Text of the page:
it is necessary to multiply the result by the dilution factor (in this case x 2). The final result is 210 g/dl x 2 = 420 g/dl. .Dilutions for the Clinical Laboratory (cont·d) Correction for using a diluted sample Example: A technician performed a laboratory analysis of patient·s serum for a serum glucose (blood sugar) determination. To correct for the dilution. The patient·s serum glucose was too high to read on the glucose instrument. The technician diluted the patient·s serum 1/2 and reran the diluted specimen. obtaining a result of 210 g/dl.

A dilution of the stronger solution of substrate is needed.Dilutions for the Clinical Laboratory (cont·d) Sometimes it is necessary to make a dilution of an existing solution to make it weaker. . Example: A 100 mg/dl solution of substrate is needed for a laboratory procedure. All that is available is a 500 mg/dl solution of substrate.

Dilutions for the Clinical Laboratory (cont·d) To make a weaker solution from a stronger one. use this formula: V1 x C1 = V2 x C2 Example: To make 100 ml of the 100 mg/dl solution from the 500 mg/dl solution needed in the previous example: V1 = 100 ml V2 = V2 (unknown) C1 = 100 mg/dl C2 = 500 mg/dl 100 ml x 100 mg/dl = V2 x 500 mg/dl V2 = 20 ml Dilute 20 ml of 500 mg/dl solution up to 100 ml with water to obtain 100 ml of 100 mg/dl substrate solution .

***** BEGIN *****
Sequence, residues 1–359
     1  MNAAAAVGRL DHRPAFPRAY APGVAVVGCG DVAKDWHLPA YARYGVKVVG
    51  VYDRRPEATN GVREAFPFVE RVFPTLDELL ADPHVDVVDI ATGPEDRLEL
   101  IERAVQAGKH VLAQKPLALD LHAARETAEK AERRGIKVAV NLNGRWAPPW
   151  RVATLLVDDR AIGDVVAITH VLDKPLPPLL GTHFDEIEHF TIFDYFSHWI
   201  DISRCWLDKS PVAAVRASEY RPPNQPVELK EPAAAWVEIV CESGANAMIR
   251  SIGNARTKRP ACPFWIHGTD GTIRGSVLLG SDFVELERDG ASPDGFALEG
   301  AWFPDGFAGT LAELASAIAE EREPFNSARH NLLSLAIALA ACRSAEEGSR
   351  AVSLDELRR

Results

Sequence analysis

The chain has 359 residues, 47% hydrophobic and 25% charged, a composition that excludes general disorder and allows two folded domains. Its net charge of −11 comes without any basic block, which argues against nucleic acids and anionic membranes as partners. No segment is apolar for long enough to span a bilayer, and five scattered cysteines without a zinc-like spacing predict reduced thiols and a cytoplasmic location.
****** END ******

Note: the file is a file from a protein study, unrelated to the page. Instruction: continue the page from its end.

A general rule for calculating the dilution of solutions obtained by diluting in a series is to MULTIPLY the original dilution by subsequent dilutions.Serial Dilutions Dilutions can be made singly (as shown previously) or in series. . in which case the original dilution is diluted further.

Serial Dilutions (cont·d) Example of a serial dilution: .

Serial Dilutions (cont·d) In the serial dilution on the previous slide. . 1 ml of stock solution is mixed with 9 ml of diluent. but the concentration of stock in the second tube is 1/10 x 1/10 for a 1/100 dilution. for a 1/10 dilution. Then 1 ml of the 1/10 dilution is mixed with another 9 ml of diluent. The second tube also has a 1/10 dilution.

in the third tube. Again you have a 1/10 dilution in the third tube. but the concentration of stock in the third tube is 1/10 x 1/10 x 1/10 for a 1/1000 dilution.Serial Dilutions (cont·d) Continuing with the serial dilution. This dilution could be carried out over many subsequent tubes. you mix 1 ml of the 1/100 dilution from the second tube with 9 ml of diluent in the third tube. .

where technicians need to make dilutions of patient·s serum to determine the weakest concentration that still exhibits a reaction of some type. The RECIPROCAL of the weakest concentration exhibiting a reaction is called a ´titerµ. .Serial Dilutions (cont·d) Serial dilutions are most often used in serological procedures.

but NOT in tubes 4 or 5. The titer = 1000.000 Tube #5 = 1/100. .000 Reactions occur in tubes 1 through 3.Serial Dilutions (cont·d) Example of determining a titer: A technician makes a serial dilution using patient serum: Tube #1 = 1/10 Tube #2 = 1/100 Tube #3 = 1/1000 Tube #4 = 1/10.